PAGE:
object we will use all of its options, even those that are being used in their default settings.

```
<- bfa_sp(Y ~ 0, data = dat, dist = W, time = Time, K = 10,
reg.bfa_sp starting = Starting, hypers = Hypers, tuning = Tuning, mcmc = MCMC,
L = Inf,
family = "tobit",
trials = NULL,
temporal.structure = "exponential",
spatial.structure = "discrete",
seed = 54,
gamma.shrinkage = TRUE,
include.space = TRUE,
clustering = TRUE)
## Burn-in progress: |*************************************************|
## Sampler progress: 0%.. 10%.. 20%.. 30%.. 40%.. 50%.. 60%.. 70%.. 80%.. 90%.. 100%..
```

The first line of arguments are the data objects, `formula`

, `data`

, `dist`

, `time`

, and `K`

. These objects must be specified for `bfa_sp`

to run. Note that in the formula we use `~0`

, which means that there are no covariates. The second line of objects are the MCMC characteristics objects we defined previously. These objects do not need to be defined for `spBFA`

to function, but are provided for the user to customize the model to their choosing. If they are not provided, defaults are given. Next, we specify that the infinite mixture model is used `L = Inf`

. `L`

can be any positive integer or infinity. The `family`

is set to `tobit`

since we know that visual field data is censored (`family`

can be `normal`

, `probit`

, `tobit`

, or `binomial`

). If `binomial`

is used, `trials`

must be specified. Our temporal dependence structure is set to be `exponential`

, and the spatial structure is `discrete`

(i.e., areal). Finally, we define the following logicals, `gamma.shrinkage`

(which controls the gamma shrinkage process), `include.space`

(which controls if spatial dependency is included), and `clustering`

(which controls if the Bayesian non-parametric process prior is used). We set the `seed`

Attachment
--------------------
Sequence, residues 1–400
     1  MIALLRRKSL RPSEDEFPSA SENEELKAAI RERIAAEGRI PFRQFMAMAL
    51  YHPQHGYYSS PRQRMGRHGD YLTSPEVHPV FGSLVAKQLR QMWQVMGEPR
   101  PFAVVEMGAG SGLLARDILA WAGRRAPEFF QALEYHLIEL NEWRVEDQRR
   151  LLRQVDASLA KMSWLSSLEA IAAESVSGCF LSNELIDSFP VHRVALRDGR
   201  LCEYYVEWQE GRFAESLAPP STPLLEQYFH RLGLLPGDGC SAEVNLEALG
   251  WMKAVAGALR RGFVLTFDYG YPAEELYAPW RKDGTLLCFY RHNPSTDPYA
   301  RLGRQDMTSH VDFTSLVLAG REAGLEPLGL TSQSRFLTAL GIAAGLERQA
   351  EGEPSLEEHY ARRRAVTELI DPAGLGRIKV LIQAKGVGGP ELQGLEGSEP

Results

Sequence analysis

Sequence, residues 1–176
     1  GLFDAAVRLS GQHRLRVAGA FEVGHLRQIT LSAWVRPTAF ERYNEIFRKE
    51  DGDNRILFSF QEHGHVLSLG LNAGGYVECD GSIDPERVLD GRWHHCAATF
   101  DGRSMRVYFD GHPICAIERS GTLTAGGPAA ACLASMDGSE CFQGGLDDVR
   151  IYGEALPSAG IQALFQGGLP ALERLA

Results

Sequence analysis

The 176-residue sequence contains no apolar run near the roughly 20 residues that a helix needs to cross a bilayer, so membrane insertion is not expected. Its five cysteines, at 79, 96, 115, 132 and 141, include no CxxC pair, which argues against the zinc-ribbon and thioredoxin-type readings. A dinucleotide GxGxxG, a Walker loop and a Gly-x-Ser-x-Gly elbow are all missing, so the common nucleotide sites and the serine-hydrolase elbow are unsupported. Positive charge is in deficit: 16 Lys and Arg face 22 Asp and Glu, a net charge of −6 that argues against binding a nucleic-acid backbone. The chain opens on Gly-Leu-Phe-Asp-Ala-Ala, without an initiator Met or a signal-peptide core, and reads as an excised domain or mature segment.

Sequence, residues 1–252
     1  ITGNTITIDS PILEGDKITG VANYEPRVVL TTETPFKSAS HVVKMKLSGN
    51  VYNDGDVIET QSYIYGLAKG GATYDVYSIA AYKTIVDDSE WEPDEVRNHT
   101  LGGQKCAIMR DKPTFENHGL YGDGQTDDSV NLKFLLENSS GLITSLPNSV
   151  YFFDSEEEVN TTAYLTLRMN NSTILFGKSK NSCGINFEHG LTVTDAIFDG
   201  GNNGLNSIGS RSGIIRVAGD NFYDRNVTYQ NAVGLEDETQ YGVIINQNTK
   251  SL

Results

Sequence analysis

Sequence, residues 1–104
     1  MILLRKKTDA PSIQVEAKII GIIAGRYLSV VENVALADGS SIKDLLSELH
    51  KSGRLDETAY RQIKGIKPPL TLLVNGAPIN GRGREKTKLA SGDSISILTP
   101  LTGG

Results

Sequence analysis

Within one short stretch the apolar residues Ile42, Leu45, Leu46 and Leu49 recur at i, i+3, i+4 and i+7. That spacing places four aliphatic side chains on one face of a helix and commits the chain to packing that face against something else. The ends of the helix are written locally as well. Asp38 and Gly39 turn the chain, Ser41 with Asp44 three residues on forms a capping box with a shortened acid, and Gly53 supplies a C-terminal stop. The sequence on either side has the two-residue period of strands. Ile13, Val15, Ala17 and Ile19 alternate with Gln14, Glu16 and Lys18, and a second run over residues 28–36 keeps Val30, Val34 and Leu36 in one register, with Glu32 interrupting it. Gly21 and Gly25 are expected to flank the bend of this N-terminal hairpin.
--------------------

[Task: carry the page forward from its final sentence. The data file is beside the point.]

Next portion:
to 54.

The following are the returned objects from `reg.bfa_sp`

.

`names(reg.bfa_sp)`

```
## [1] "lambda" "eta" "beta" "sigma2" "kappa"
## [6] "delta" "tau" "upsilon" "psi" "xi"
## [11] "rho" "metropolis" "datobj" "dataug" "runtime"
```

The object `reg.bfa_sp`

contains raw MCMC samples for all parameters, metropolis acceptance rates and final tuning parameters (`metropolis`

) and model runtime (`runtime`

). The objects `datobj`

and `dataug`

can be ignored as they are for later use in secondary functions.

Before analyzing the raw MCMC samples from our model we want to verify that there are no convergence issues. We begin by loading the `coda`

package.

`library(coda)`

Then we convert the raw `spBFA`

MCMC objects to `coda`

package `mcmc`

objects. We look at \(\sigma^2(\mathbf{s}_1)\) only for learning purposes.

`<- as.mcmc(reg.bfa_sp$sigma2[, 1]) Sigma2_1 `

We begin by checking traceplots of the parameter.

From the figure, it is clear that the traceplots exhibit some poor behavior. However, these traceplots are nicely behaved considering the number of iterations the MCMC sampler ran. The traceplots demonstrate that the parameters have converged to their stationary distribution, but still need more samples to rid themselves of autocorrelation. Finally, we present the corresponding test statistics from the Geweke diagnostic test.

```
## var1
## 0.6828447
```